Analyzing behavior and applicability of an optimization model: A simulation study for sequence dependent scheduling of surgeries
Independent thesis Advanced level (degree of Master (Two Years)), 20 credits / 30 HE creditsStudent thesis
Context. With the proportional increase in the population of elderly people, there is an increase in the need for providing quality health-care. Operating room planning is one aspect that is considered to meet the requirement of providing quality health care. Operatingroom planning concerns about the efficient management of the available resources to perform surgeries. It deals with allocation and assignment of surgeries to operating rooms in a sequential manner using resource optimization strategies to manage with the available operating rooms.
Objectives. In this thesis, we investigate the behavior and applicabilityof an optimization model and measure the degree to which the model can efficiently utilize the available hospital resources.
Methods. Simulations are conducted to test the impact of implemented model on turnover time. The experiment is conducted on three different scenarios using the real world data collected from Blekinge hospital.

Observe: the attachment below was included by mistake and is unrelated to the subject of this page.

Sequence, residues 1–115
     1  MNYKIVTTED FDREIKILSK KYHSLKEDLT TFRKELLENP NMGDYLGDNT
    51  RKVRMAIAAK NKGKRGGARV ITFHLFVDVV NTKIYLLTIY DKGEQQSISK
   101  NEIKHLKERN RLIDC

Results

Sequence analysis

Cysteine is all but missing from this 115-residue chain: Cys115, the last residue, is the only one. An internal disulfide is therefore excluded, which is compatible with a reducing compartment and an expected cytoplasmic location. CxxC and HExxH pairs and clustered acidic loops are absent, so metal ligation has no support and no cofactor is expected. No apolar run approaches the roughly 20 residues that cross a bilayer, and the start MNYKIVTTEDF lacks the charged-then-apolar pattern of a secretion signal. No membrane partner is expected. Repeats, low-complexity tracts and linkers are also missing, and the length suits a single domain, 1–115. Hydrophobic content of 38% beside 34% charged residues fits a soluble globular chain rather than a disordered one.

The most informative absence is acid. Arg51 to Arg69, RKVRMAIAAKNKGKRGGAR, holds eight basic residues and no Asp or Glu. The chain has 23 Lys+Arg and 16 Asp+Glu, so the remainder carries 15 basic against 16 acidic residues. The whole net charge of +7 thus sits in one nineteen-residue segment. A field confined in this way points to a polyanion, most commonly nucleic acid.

Results. The impact on the turnover time measured for the three different scenarios is evaluated using simulation experiment. The relationship between the scenarios is identified by comparing the results with a baseline scenario (real world schedule).
Conclusions. Based on the analysis, we conclude that the new optimization model is capable of scheduling better than the existing scheduling system used by the hospitals. The observations show that optimization model significantly reduces the turnover time compared to the real schedule. Besides, the scenario using an additional resourceis found to have better performance compared to other scenarios. The thesis concludes by showcasing the performance and applicability of the optimization model.
Place, publisher, year, edition, pages
2016. , 49 p.
Scheduling, Turnover time, Operating rooms, Healthcare, Optimization.
IdentifiersURN: urn:nbn:se:bth-11721OAI: oai:DiVA.org:bth-11721DiVA: diva2:911883
Subject / course
DV2566 Master's Thesis (120 credits) in Computer Science
DVAXA Master of Science Programme in Computer Science
2016-01-25, J1640, Blekinge Tekniska Hogskolan Block J, karlskrona, 19:46 (English)
Persson, Marie, Universitetslektor
Boldt, Martin, Universitetslektor